Faculty's demand for higher wages

The public comment session during the Board of Trustees meeting on May 9 was animated by the passionate speeches of a dozen of Santa Monica College classified workers who united in an effort to negotiate their contract and obtain the salary raise they believe is vital in order to keep up with the increasing cost of living.
Two years after many SMC staff and faculty members were laid off to decrease the budget deficit, finances are almost back on the right track and so are the classified workers - who now demand a long-awaited fair contract, including a readjustment of salary over the past three years, as well as more opportunities for workers to be rehired as part-time employees.
"We are tired of the administration dragging their feet," said Lantz Simpson, who is the president of the SMC Faculty Association, which represents the college's instructors. "We want action."
Before stepping inside the boardroom, classified staff workers met for a pizza party, where they regrouped and shared their enthusiasm about negotiating with the trustees for the first time to settle their contract.
The board's new trustees Suzanne Aminoff and Rob Rader have invigorated some workers' expectation for promising changes in their condition.
"It's exciting to new board members to bring new energy to this old problem," said hopeful Jo Kidd, who had been working for 39 years for the recreation program before it was discontinued recently.
"I though some of the comments were very moving, for instance when some said that the college was like a family. This feeling is mutual," said new trustee Rader about the heartfelt words of Sasha Agard, when she asked the board to "please bring your family together." Rader added that he sincerely hopes they will reach a "satisfactory resolution."
Becky Curtis, who is an English professor as well as the chair of the Hourly Faculty Association, explains that many part-time employees have had to take two or more jobs to earn a decent salary, even though they are as qualified as full-time faculty.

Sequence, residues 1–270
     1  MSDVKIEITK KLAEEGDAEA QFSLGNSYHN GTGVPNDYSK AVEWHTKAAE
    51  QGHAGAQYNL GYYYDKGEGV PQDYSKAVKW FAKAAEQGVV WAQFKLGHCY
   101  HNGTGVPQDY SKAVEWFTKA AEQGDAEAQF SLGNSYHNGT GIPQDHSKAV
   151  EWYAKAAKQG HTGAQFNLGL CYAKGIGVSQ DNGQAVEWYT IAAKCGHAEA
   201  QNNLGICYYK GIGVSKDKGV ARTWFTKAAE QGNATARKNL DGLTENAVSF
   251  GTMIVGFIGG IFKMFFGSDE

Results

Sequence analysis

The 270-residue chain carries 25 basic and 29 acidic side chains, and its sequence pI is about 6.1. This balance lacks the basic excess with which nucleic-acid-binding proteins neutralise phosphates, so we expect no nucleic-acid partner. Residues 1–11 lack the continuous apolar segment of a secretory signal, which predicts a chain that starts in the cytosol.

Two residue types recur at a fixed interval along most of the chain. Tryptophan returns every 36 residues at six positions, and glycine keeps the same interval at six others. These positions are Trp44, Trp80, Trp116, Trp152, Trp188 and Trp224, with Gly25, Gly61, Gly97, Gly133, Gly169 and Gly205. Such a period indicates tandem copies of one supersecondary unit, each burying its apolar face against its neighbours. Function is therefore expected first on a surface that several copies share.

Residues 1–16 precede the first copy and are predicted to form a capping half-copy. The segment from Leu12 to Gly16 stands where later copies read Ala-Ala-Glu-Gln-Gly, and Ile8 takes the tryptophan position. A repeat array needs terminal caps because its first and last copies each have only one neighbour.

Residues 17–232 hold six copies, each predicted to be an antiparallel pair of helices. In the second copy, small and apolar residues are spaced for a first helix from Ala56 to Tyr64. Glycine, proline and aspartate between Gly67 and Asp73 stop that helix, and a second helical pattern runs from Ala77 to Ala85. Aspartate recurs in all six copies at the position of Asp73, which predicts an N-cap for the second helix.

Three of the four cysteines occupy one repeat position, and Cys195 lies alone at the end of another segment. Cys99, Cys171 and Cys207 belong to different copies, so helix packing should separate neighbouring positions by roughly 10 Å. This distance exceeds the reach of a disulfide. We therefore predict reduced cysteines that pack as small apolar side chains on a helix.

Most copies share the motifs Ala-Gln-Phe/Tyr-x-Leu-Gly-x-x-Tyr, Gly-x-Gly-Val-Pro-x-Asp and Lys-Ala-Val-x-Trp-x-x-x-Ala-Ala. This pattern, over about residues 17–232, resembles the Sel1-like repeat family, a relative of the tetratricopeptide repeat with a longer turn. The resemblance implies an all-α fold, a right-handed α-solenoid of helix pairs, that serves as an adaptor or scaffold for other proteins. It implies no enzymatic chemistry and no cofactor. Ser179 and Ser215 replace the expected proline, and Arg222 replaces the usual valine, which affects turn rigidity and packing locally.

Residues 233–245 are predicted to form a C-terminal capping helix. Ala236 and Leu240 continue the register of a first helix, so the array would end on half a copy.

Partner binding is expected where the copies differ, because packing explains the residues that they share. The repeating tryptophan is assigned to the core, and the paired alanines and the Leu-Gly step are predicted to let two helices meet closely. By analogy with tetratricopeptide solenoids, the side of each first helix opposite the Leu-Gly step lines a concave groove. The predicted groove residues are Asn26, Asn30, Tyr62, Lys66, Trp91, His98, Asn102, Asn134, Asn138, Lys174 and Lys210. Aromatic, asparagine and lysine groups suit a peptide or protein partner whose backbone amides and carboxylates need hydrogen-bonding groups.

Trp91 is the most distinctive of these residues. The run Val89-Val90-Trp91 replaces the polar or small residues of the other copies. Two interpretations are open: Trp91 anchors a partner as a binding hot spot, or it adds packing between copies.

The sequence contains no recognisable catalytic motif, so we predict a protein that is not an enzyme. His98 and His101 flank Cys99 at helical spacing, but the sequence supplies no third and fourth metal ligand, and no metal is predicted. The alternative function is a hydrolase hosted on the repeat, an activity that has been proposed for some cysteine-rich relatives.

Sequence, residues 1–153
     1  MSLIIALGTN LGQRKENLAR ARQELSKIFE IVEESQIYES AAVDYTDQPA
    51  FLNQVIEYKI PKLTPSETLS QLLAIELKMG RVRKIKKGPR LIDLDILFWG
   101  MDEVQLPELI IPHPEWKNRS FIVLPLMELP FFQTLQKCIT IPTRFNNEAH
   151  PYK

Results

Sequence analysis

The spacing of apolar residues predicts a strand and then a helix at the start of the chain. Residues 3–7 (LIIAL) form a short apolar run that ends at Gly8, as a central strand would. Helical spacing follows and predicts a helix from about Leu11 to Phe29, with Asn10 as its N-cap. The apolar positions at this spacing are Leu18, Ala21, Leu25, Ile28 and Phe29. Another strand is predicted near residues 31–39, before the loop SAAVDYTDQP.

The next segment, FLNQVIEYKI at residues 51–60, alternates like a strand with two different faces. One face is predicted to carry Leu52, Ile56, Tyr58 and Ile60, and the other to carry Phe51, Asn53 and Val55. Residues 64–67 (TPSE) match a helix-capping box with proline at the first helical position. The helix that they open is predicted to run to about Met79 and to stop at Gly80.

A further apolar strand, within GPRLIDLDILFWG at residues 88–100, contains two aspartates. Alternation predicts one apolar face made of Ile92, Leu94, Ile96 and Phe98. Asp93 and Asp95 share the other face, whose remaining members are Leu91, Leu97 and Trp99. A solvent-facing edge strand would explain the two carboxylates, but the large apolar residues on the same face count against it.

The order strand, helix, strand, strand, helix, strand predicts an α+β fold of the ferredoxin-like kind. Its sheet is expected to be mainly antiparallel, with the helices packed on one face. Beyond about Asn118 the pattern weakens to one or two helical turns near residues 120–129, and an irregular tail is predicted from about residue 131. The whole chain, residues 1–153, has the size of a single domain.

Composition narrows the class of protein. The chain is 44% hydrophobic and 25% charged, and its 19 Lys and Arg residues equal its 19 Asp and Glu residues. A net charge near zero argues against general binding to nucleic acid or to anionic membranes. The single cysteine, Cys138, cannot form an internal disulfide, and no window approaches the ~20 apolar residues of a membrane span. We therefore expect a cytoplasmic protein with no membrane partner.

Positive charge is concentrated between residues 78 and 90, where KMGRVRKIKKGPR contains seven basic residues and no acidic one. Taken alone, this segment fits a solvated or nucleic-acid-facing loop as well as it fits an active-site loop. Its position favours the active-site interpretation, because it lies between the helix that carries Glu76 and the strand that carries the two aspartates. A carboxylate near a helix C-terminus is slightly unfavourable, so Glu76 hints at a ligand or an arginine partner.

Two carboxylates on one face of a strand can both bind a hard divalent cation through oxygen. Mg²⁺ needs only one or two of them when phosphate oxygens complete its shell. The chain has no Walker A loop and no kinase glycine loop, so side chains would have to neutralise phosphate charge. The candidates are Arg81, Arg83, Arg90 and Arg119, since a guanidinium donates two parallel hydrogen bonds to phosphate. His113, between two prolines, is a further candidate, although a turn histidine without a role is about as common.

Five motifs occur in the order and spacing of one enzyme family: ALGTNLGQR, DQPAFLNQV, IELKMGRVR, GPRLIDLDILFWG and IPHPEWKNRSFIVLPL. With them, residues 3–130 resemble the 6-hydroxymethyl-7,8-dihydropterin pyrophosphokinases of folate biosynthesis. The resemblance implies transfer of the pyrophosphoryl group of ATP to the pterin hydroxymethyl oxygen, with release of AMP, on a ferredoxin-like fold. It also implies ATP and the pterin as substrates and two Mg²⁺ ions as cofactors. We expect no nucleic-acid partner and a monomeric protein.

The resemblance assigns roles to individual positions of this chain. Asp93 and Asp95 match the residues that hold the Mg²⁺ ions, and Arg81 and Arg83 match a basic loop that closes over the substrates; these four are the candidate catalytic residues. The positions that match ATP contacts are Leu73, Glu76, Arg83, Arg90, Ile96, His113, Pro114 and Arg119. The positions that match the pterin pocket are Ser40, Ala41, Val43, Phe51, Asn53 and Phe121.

"The more people who speak, the more powerful the message," stated one of the guidelines contained on a sheet circulating during the party, which aimed at encouraging workers to speak out, as well as provide them with ideas for their speech.
However, most workers seemed eager to express their frustration before the trustees and did not need to be asked twice to speak out.
Staff and faculty members argued that they deserve to be considered as a valuable and integral part of the college since they have been working consistently toward its regrowth and truly care about the students.
"I am asking you to look into your heart and give the hardworking class a long overdue pay increase...and show your appreciation for the hard work they have accomplished," Willis Barton said in his emotional speech.
"The board has no regard for the staff," said Carl Gettleman, president of the Classified Senate, after the meeting. "It's just straight work warfare."
Even though some workers remain skeptical about the outcome of the meeting, others like Lee Peterson, the former Classified Senate president, have faith in the trustees' intention to give them a fair contract when the time comes.
"I am convinced that the district will get back to us after the state budget is signed," said Peterson, referring to the funds allocated by the Legislature and Governor to the California Community Colleges system in the annual state budget.